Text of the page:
12. Add some extra grab rails throughout the interior
13. Install the AC unit
14. Install the water maker
15. Create extra storage space in what is now unused open space around the hull.
16. Re-varnish the rest of the interior wood trim.
17. New keel bolts and backing plates
18. Install all new electronics.




Exterior:
1. Putting awl grip on the old molded in non-skid deck, and paint the rest of the deck.
2. Varnish all exterior teak
3. Replace any damaged deck hardware
4. Install colligio running rigging
5. Taller stanchions and better stanchion base with dyneema lifelines.
6. Bottom paint with interlux protect 2000e
7. Drop the rudder. Has some water damage so planning on taking all the old foam out and doing new fill in foam and fiberglass back up.
8. Drop the keel and see if any damage has been done from the rusty keel bolts
9. Build a fiberglass hardtop dodger & Bimini.
10. Install 600 watts of solar panels on the hardtop Bimini.


This list is no where near exhaustive and in order, but a general idea of what we are planning on doing. Our goal is to make an attractive clean boat, while also making her more fit for offshore use. With so many projects in mind, we seem to jump from project to project right now. Luckily there are two of us, so while shes working on one, I can work on another.


I would love to hear some opinions on what you think, especially if we are misinformed about something! We want to make sure we are doing it the right and safe way. This is our first boat, and this community has been our biggest resource in learning how to do everything weve done up until now, and looking forward for some feedback and to keep on learning as much as we can from all the great minds on here! Also attached are some photos of what it look like before, and what it's like now so far.
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Old 28-07-2021, 12:23   #2
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Re: 1984 Kirie Feeling 920 Refit

I wouldn't put a plastimo tank in for long term use, they have a reputation for eventually leaking. I have done this, but sold the boat shortly afterwards. Instead pull the stainless steel tank and add inspection hatches like these. Choose the clear lids type so you can see inside and access to clean it out.

Barton Marine - Products - Inspection covers

I would also question the need for a watermaker whilst you are starting out. Defer this purchase for now and add it later when you need it. Buy good quality sails first, far more valuable on a nice sporty yacht and enjoy the sailing on a nibble and responsive yacht rather than some old tub. Find a second hand cruising chute for her too for fun downwind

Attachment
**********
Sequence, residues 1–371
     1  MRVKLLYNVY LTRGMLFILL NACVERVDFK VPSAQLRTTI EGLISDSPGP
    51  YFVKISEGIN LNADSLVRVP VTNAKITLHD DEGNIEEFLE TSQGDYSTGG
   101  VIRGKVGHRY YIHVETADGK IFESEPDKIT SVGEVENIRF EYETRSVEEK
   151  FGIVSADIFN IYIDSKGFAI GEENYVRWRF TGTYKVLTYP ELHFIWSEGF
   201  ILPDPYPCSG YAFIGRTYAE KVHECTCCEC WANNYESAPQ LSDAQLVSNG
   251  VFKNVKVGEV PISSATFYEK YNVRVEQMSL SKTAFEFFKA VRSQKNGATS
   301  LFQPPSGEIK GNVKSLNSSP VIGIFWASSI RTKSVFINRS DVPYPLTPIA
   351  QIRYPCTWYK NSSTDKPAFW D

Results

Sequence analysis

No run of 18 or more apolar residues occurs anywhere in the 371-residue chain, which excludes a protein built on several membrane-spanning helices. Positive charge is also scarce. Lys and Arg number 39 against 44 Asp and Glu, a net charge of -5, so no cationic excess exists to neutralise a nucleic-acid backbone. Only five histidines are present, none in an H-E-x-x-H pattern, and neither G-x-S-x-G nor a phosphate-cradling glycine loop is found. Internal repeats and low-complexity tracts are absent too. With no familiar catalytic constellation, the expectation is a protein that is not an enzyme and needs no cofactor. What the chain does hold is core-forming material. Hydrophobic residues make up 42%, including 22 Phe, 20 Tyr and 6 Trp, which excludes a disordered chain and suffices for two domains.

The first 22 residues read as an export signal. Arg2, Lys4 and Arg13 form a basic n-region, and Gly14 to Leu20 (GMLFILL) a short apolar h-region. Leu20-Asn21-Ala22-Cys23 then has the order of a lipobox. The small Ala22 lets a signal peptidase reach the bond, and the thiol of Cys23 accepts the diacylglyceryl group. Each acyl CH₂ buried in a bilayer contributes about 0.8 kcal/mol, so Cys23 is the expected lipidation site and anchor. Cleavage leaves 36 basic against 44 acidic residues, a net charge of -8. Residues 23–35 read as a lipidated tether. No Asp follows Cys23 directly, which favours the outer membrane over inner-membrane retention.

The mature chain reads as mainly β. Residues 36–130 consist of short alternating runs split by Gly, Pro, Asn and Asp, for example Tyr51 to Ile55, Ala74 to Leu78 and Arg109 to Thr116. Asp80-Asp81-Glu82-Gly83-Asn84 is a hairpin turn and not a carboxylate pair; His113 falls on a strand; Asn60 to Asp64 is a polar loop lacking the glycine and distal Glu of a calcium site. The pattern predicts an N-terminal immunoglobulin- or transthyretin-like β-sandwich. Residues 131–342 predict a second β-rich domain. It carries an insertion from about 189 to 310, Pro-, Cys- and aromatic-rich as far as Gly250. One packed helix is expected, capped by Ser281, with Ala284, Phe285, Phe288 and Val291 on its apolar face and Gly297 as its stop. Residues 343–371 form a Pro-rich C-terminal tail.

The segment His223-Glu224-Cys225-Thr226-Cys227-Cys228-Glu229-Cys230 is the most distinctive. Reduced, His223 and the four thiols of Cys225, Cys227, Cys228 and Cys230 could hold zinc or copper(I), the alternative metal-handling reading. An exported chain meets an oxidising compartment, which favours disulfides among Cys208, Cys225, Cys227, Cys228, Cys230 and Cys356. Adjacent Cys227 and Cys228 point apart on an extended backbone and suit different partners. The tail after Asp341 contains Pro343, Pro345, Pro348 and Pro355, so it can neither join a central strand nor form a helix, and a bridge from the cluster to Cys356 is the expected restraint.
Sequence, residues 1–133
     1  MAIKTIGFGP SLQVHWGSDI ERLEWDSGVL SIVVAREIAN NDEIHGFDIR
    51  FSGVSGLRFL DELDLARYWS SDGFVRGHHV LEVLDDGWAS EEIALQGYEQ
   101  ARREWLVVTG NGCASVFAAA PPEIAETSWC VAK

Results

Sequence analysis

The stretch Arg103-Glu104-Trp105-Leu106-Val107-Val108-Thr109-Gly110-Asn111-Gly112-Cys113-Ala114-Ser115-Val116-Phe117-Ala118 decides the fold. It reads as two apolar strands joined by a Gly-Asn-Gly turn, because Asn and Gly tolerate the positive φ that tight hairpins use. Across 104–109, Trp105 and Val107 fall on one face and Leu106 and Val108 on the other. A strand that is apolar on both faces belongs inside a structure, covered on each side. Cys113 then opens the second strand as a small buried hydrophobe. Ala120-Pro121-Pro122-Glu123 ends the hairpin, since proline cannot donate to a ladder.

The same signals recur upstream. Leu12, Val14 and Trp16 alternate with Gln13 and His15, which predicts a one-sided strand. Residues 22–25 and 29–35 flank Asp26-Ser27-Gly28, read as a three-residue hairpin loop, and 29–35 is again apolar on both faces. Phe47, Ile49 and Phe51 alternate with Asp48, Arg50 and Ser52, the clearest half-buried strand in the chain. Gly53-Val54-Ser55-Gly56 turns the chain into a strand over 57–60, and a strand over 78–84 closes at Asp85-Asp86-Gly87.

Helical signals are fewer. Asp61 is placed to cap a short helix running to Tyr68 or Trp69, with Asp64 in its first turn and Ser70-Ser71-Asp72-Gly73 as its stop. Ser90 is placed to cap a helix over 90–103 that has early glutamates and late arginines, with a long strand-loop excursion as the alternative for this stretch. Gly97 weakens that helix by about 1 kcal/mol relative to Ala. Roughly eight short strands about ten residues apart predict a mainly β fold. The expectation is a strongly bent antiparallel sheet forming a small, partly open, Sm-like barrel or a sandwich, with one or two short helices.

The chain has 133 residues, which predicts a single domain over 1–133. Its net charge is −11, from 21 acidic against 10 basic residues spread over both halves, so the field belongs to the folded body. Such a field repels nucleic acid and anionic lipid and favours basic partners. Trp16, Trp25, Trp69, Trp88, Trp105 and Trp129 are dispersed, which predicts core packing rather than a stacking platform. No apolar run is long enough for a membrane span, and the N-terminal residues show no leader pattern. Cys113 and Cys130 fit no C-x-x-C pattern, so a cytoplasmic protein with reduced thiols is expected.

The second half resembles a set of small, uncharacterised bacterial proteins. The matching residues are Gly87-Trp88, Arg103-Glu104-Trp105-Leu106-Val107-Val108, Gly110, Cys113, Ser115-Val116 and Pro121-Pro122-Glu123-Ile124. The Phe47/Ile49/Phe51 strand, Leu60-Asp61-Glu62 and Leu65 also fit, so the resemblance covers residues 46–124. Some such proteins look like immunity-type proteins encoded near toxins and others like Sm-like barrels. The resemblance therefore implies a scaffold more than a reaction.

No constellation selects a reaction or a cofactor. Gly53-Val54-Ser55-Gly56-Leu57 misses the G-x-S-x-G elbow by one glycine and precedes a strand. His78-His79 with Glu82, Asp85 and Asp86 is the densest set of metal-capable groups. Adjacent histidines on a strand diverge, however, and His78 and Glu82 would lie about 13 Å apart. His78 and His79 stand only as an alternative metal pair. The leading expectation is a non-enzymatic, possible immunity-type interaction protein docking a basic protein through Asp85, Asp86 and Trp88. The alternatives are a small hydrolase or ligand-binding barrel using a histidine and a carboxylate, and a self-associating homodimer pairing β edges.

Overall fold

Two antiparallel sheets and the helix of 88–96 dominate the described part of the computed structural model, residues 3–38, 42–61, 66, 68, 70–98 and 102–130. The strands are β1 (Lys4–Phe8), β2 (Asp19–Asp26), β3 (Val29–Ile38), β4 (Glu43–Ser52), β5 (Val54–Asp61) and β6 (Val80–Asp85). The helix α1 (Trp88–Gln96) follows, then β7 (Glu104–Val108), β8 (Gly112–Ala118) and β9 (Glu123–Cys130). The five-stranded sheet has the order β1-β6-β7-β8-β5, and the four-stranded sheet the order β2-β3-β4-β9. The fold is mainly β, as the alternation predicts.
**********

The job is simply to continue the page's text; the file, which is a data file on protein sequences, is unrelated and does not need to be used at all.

Do insulate any hull area down to the waterline with closed cell foam. Don't use that foil stuff, buy closed cell foam and it will pay dividends for both keeping the heat out during the summer and warmth in during the winter.

Don't put MDF under the sink even sealed. Use a marine ply sealed with epoxy because things will leak eventually.

If you remove the electric water pump, how are you going to take a shower?

Add autopilot to the electrics package.

Add a small portable freezer which will extend the time you can be out at sea.

You haven't mentioned anchors or chain. The yacht probably has 8mm if original. Consider down sizing to 6mm or 1/4" higher quality enabling a longer chain for similar weight and breaking strain.

Good luck.

Pete
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Old 28-07-2021, 14:49   #3
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Re: 1984 Kirie Feeling 920 Refit

Quote:
Originally Posted by Pete7 View Post
I wouldn't put a plastimo tank in for long term use, they have a reputation for eventually leaking. I have done this, but sold the boat shortly afterwards. Instead pull the stainless steel tank and add inspection hatches like these. Choose the clear lids type so you can see inside and access to clean it out.

Barton Marine - Products - Inspection covers

I would also question the need for a watermaker whilst you are starting out. Defer this purchase for now and add it later when you need it. Buy good quality sails first, far more valuable on a nice sporty yacht and enjoy the sailing on a nibble and responsive yacht rather than some old tub. Find a second hand cruising chute for her too for fun downwind

Do insulate any hull area down to the waterline with closed cell foam. Don't use that foil stuff, buy closed cell foam and it will pay dividends for both keeping the heat out during the summer and warmth in during the winter.

Don't put MDF under the sink even sealed. Use a marine ply sealed with epoxy because things will leak eventually.

If you remove the electric water pump, how are you going to take a shower?

Add autopilot to the electrics package.

Add a small portable freezer which will extend the time you can be out at sea.

You haven't mentioned anchors or chain. The yacht probably has 8mm if original. Consider down sizing to 6mm or 1/4" higher quality enabling a longer chain for similar weight and breaking strain.

Good luck.

Pete
Thanks for the advice!


Couple questions about it:



So you think we should keep the ss and add those inspection covers? We've already taken it out, but we still have it.



For the insulation, that was something I did have a thought about. We are in the Gulf right now, so keeping the heat in is something we certainly don't want! But keeping the heat out would be great. For that type of application, do you think spray-on foam would be better, or sheets?